UI is a predictable bothersome post-prostatectomy sequela which can persist for two years or longer and severely negatively interferes with patients’ quality of life, such as partner relationships, sexual life, and energy levels (18,21). Besides, long-term effects of UI on patients include social disorders, insufficient self-confidence, loss of interest in daily living and increasing economic burden (10,22). Subsequently, UI has been deemed most concerned outcome for decreased health-related quality of life during the early post-RP period and has been closely associated with patients’ dissatisfaction after surgery (18). Accordingly, rehabilitation of UI is paramount in the setting of prevalence of RP in the management of PC and the associated psychosocial, functional and economic adversity caused by UI (10,18).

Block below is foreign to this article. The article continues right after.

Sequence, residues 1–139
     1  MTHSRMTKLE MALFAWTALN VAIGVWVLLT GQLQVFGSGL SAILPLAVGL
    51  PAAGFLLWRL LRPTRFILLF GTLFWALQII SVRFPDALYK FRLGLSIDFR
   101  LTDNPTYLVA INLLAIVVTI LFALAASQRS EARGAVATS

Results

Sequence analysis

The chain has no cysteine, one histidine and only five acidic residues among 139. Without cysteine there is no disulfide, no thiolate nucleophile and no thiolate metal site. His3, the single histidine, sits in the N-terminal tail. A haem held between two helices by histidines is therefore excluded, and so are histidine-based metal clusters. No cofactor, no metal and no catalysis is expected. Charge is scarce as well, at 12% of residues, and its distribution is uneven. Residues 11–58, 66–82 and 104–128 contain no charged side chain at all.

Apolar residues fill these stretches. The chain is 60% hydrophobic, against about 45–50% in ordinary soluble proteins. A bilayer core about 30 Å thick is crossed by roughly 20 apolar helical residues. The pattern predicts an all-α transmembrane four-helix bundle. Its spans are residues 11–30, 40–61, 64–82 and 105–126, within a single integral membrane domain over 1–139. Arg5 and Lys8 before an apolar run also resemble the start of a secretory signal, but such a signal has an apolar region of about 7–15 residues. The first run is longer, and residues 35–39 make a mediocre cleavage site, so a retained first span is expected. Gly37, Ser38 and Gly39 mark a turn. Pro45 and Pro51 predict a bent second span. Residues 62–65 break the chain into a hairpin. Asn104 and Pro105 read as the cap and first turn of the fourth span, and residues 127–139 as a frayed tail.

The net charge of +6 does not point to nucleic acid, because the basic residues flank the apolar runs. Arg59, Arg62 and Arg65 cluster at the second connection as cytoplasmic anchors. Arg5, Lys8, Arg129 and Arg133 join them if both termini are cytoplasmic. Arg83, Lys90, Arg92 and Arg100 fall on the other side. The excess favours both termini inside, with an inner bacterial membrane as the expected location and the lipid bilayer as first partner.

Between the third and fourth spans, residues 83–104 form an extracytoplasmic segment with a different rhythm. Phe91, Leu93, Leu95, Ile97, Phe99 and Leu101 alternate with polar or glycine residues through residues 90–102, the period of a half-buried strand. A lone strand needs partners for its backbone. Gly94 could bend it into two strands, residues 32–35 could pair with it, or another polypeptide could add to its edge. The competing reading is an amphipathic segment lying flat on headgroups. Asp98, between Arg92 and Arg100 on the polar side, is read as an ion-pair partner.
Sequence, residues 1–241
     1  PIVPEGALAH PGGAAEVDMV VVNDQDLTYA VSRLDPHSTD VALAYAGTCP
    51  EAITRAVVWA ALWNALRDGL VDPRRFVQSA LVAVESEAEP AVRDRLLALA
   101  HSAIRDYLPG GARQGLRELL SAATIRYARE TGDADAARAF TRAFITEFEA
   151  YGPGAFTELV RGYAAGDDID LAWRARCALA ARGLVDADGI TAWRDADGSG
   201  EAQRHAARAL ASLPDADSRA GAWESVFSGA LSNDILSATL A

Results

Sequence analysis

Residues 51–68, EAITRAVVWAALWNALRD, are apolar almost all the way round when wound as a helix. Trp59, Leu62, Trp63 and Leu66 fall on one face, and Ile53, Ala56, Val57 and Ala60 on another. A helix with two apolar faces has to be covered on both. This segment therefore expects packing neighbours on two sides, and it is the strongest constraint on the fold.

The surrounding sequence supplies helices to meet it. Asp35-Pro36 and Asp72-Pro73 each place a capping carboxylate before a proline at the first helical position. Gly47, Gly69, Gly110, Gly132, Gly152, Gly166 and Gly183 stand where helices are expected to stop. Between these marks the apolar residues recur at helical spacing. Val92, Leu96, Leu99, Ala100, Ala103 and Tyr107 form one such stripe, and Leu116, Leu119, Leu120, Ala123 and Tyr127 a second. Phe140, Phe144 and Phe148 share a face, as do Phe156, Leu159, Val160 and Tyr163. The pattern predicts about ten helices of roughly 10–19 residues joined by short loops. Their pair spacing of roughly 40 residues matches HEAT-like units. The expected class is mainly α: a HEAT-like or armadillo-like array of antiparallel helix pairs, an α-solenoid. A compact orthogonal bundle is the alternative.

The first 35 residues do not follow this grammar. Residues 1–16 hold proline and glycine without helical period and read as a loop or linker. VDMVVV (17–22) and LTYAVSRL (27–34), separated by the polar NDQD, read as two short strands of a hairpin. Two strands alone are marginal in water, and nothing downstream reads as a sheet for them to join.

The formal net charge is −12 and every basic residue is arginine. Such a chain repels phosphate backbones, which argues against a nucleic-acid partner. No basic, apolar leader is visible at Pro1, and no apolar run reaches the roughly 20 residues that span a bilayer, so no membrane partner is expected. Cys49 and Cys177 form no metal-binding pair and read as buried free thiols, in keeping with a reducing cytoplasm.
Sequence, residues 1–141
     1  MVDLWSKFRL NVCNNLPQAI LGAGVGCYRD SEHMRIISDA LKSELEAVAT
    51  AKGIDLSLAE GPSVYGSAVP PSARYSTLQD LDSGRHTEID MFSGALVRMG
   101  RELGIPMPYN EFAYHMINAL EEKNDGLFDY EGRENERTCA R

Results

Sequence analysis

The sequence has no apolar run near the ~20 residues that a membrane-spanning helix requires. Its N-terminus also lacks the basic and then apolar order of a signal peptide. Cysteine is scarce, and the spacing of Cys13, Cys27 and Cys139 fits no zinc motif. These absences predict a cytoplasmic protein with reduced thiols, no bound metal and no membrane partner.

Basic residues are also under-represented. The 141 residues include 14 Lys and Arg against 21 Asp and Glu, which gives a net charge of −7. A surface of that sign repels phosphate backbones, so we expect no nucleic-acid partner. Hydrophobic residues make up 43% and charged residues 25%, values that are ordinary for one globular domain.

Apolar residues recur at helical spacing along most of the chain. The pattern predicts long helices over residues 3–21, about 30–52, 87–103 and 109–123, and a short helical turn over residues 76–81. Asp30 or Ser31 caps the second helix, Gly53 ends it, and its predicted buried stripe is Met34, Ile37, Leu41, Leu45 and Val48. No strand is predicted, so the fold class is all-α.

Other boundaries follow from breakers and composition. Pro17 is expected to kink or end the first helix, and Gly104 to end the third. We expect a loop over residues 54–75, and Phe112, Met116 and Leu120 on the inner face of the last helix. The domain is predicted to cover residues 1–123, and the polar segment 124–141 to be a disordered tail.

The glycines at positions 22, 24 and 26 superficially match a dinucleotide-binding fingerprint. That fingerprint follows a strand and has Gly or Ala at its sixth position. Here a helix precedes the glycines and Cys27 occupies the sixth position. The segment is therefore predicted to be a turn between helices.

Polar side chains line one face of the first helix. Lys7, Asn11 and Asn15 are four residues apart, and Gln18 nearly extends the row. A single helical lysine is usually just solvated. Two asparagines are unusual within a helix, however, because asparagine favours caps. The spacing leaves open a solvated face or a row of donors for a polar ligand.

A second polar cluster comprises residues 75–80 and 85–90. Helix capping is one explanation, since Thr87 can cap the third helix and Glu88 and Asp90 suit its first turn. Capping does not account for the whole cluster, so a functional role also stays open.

Despite advances in robotic technique since its description in 2002 (4), RARP showed no decreased incontinence rates than other approaches (23). Considering the success of PFMT in female stress UI, CPFMT has been attempted in patients undergoing RP (6,8). However, a recent systematic review and meta-analysis (9) of the available studies showed limited efficacy of CPFMT on the management of UI after RP despite promising early outcomes in some trials (24,25). This may be related to different mechanisms of UI in men and women. The female incontinent mechanism is usually associated with the levator ani muscles dysfunction secondary to pregnancy and vaginal birth (6,26), whereas in men after RP, it is hypothesized to result from injury to the internal urethral sphincter and/or an onset of bladder detrusor hyperactivity that lead to urge incontinence through pressure on the bladder walls (6,10). Besides, there are different techniques for RP and these techniques can lead to different UI rates, which may be a possible limit of the PFMT on the recovery of continence. Anatomically, the pelvic floor muscles are comprised of the internal sphincter muscle, levator ani, coccygeus, striated urogenital sphincter, external anal sphincter, ischiocavernosus, and bulbospongiosus which work in a coordinated fashion to maintain urinary continent status (27). Therefore, continence is highly contingent upon the support of external urethral sphincter by pelvic floor musculature (10). CPFMT facilitate improved capability for external urethral constriction and relaxed detrusor activity through hypertrophy of the periurethral striated muscles, a resultant stiffening and strengthening of the pelvic floor muscles and connective tissues, and an inhibition reflex of the detrusor muscles to increase strength, endurance, and coordination of the pelvic floor muscles and functional activation of the external urethral sphincter (10). This is consistent with the findings of our study that CPFMT had a longer postoperative PFME, lower ICIQ-SF score, smaller number of pads per day and pad weight at 1-month follow-up than baseline. At the same time, other conservative adjuvant treatments, such as biofeedback sessions (28,29), electrical stimulation (29,30), physiotherapist-guided therapy (31,32) and extracorporeal magnetic innervation system (33,34), have been demonstrated inconsistent findings concerning their efficacy by previous meta-analysis (28-32) and clinical trials (33,34). However, none of these reviews included trials that incorporated training of the surrounding muscles, which have been demonstrated to facilitate optimal pelvic floor contractions in growing literatures (10,35-39). These surrounding muscles, particularly TrA, rectus abdominis, and diaphragm muscles, are usually ignored in PFMT approaches despite their requirement for optimal pelvic floor activation (10,35,38). Junginger et al. (40) indicated that the pelvic floor muscle and TrA might be activated synergistically under the circumstance of electromyography. If it is difficult for TrA to maintain contractions, the possibility of poor pelvic floor tone (autonomic contraction) and consequently risk of UI might increase (18). This is consistent with the findings of Neumann and his colleagues (38). They showed that relaxation of the abdominal wall during pelvic floor muscle contraction only provokes 25% of the maximal voluntary contraction of the pelvic floor (10,38). Moreover, diaphragm muscle training has also been shown to be associated with improvement of pelvic floor muscle activation and the reduction of intra-abdominal pressure in women with incontinence (10,35). In this scenario, the goal of current PFMT paradigms is optimizing pelvic floor muscle responsiveness and contraction quality through the utilization of other regional muscles (10). Such approaches included “Pfilates” (‘Pelvic Floor Pilates’) that contains the fundamental elements of Pilates (a form of exercise that focuses on core strength, stability, flexibility, and muscle control, as well as posture and breathing) with targeted pelvic floor activation (10,41,42), “Hypopressives” focusing on conscious coordination of diaphragm and TrA with breathing (10,35), trunk muscle (35) and even whole-body muscles (15). Our study also confirmed that APFMT had beneficial effects on pad weight, consumption of pads, ICIQ-SF, PFME and PFMS at short-term follow-up when compared to baseline.